Imagining accidental fetal citizens: pregnant Mainland women and the cultural politics of birthright citizenship
Tsung-yi Michelle HUANG, Chun-kai WOO, Yen-fu LAI
ABSTRACT This essay looks at the mobility of pregnant Mainland women in Hong Kong to expose the reverberations of the SAR government’s immigration policies relating to cross-border birth tourism. Pregnant Mainland women and their children (fetuses), as emergent social subjects, embody conflict and the negotiation between population governance and economic benefits. The government denies pregnant Mainland women the right to give birth in Hong Kong based on their non-eligible status while admitting their children to be born in Hong Kong on the grounds that their children meet Hong Kong’s future demand for population renewal, in this way boosting the development of childbirth tourism. However, the localism, which has had an extensive influence on Hong Kong local society in recent years, has rejected the SAR government’s “population renewal” imaginary by suggesting its own “locust imaginary.” The government’s acceptance and the local’s exclusion of the population flow between China and Hong Kong imply distinct cross-border subject imaginations. Only by contextualizing and critically analyzing the various othering identities such as the non-eligible or locusts can we better understand the cultural politics of Hong Kong birthright citizenship over recent years.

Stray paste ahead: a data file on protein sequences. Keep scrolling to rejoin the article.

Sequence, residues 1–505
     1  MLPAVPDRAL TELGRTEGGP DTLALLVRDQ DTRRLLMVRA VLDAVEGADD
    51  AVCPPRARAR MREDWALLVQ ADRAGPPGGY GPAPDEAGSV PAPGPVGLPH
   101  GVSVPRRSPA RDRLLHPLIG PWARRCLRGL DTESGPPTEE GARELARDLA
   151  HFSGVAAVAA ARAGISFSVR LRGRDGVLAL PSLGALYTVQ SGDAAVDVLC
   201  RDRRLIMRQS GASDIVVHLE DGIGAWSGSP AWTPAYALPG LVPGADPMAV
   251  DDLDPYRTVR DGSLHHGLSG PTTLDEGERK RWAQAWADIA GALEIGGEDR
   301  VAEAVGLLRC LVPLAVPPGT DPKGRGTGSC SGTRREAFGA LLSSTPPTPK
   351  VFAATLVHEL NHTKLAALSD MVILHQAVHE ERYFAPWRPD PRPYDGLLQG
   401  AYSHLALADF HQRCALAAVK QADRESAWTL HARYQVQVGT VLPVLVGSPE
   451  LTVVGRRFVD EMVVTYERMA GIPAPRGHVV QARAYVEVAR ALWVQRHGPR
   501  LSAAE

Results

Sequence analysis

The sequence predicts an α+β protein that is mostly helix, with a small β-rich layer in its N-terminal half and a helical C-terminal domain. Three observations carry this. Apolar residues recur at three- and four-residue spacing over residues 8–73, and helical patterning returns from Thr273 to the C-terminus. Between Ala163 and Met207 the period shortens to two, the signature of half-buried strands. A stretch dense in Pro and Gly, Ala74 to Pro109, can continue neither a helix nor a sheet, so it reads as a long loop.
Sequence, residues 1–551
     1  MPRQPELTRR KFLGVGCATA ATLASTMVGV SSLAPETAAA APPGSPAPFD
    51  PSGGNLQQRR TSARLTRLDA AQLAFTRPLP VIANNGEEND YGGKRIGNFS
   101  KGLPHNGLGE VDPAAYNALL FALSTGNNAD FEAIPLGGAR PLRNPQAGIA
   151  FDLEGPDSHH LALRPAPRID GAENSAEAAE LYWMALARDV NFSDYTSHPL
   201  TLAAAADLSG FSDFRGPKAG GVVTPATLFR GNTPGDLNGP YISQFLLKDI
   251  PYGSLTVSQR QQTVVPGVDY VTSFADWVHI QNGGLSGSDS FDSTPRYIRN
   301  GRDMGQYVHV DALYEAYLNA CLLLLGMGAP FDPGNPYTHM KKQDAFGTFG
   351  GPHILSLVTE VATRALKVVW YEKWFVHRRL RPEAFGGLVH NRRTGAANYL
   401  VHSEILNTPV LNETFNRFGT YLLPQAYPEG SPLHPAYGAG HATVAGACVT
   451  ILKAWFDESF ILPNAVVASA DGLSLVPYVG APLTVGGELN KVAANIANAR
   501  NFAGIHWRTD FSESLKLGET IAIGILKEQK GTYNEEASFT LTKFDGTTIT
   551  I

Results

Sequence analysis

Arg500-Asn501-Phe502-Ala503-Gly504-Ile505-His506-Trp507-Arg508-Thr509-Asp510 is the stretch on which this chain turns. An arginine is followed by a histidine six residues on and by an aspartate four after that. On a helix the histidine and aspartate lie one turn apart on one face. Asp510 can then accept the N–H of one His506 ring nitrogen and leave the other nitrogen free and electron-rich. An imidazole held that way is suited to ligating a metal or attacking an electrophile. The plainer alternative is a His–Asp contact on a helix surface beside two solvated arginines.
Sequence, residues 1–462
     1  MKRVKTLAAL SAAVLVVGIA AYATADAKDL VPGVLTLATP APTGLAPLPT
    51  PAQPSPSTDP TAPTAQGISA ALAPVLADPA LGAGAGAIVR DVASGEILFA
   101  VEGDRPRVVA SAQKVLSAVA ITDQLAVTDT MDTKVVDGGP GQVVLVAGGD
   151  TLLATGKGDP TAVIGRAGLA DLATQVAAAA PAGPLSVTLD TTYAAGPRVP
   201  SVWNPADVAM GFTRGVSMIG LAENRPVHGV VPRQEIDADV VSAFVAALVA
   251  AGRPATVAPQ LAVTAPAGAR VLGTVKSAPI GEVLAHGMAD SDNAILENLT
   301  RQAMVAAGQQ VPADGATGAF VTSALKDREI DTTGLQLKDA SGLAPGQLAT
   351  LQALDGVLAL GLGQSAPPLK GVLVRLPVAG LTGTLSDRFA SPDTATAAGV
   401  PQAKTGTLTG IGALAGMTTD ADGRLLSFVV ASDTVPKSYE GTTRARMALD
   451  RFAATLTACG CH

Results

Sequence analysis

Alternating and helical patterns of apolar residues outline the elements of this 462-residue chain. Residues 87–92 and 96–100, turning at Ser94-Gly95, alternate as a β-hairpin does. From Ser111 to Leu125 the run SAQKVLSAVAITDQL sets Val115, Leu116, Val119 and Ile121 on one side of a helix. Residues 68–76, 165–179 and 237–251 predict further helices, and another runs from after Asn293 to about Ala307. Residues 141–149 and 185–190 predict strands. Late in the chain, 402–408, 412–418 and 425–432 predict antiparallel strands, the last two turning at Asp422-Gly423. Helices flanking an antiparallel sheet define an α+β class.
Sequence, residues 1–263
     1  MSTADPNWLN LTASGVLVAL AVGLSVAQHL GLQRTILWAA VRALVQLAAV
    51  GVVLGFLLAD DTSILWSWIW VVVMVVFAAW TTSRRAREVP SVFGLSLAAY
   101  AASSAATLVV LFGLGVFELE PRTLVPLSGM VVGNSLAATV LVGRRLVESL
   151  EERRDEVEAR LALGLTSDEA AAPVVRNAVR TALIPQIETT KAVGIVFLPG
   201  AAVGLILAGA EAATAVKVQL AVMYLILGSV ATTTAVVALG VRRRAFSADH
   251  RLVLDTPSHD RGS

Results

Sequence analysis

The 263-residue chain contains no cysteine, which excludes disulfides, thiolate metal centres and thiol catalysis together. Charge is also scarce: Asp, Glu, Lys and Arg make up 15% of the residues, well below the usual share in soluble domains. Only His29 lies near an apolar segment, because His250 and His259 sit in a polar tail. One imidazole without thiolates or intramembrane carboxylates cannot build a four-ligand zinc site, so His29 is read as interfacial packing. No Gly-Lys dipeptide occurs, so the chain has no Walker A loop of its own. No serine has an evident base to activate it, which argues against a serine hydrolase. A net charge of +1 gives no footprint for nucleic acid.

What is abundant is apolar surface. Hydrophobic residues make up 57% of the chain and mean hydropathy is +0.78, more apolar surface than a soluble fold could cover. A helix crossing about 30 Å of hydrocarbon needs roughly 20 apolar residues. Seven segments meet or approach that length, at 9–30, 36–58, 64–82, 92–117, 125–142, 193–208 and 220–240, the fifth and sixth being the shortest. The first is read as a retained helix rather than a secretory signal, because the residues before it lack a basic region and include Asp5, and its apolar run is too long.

KEYWORDS: Pregnant mainland woman; birthright citizenship; fetal citizen; reproductive futurism; birth tourism; localism; Sino-Hong Kong relationship
Notes on contributors
Tsung-yi Michelle Huang is a Professor of Geography at National Taiwan University, who specializes in East Asian urban cultures. She is the author of Walking Between Slums and Skyscrapers: Illusions of Open Space in Hong Kong, Tokyo and Shanghai (2004) and Articulating New Cultural Identities: Self-Writing of East Asian Global City-Regions (Chinese) (2008). She is currently preparing her new book, Facing the Rise of China: Geopolitics of Emotion and Narratives of Development.
Chun-kai Woo is a Ph.D. candidate of Department of Geography, National Taiwan University.
Yen-fu Lai received his master from Department of Geography, National Taiwan University.